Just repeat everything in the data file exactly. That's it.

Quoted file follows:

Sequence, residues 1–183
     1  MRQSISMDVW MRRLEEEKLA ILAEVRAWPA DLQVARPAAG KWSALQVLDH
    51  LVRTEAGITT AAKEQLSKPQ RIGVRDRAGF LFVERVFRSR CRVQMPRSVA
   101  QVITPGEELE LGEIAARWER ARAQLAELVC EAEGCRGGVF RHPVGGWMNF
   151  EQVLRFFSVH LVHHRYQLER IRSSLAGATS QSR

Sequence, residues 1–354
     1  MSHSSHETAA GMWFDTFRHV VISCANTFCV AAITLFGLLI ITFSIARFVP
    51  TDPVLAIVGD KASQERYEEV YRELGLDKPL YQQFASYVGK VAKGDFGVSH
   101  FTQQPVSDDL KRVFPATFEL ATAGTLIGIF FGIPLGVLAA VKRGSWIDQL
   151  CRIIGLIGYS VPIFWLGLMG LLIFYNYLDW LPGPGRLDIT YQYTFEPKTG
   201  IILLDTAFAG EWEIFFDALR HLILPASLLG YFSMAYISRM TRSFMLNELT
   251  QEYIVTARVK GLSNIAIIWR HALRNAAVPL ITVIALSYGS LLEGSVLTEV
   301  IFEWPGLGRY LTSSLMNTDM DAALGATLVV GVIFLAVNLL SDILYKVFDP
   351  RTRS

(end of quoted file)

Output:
Sequence, residues 1–183
     1  MRQSISMDVW MRRLEEEKLA ILAEVRAWPA DLQVARPAAG KWSALQVLDH
    51  LVRTEAGITT AAKEQLSKPQ RIGVRDRAGF LFVERVFRSR CRVQMPRSVA
   101  QVITPGEELE LGEIAARWER ARAQLAELVC EAEGCRGGVF RHPVGGWMNF
   151  EQVLRFFSVH LVHHRYQLER IRSSLAGATS QSR

Sequence, residues 1–354
     1  MSHSSHETAA GMWFDTFRHV VISCANTFCV AAITLFGLLI ITFSIARFVP
    51  TDPVLAIVGD KASQERYEEV YRELGLDKPL YQQFASYVGK VAKGDFGVSH
   101  FTQQPVSDDL KRVFPATFEL ATAGTLIGIF FGIPLGVLAA VKRGSWIDQL
   151  CRIIGLIGYS VPIFWLGLMG LLIFYNYLDW LPGPGRLDIT YQYTFEPKTG
   201  IILLDTAFAG EWEIFFDALR HLILPASLLG YFSMAYISRM TRSFMLNELT
   251  QEYIVTARVK GLSNIAIIWR HALRNAAVPL ITVIALSYGS LLEGSVLTEV
   301  IFEWPGLGRY LTSSLMNTDM DAALGATLVV GVIFLAVNLL SDILYKVFDP
   351  RTRS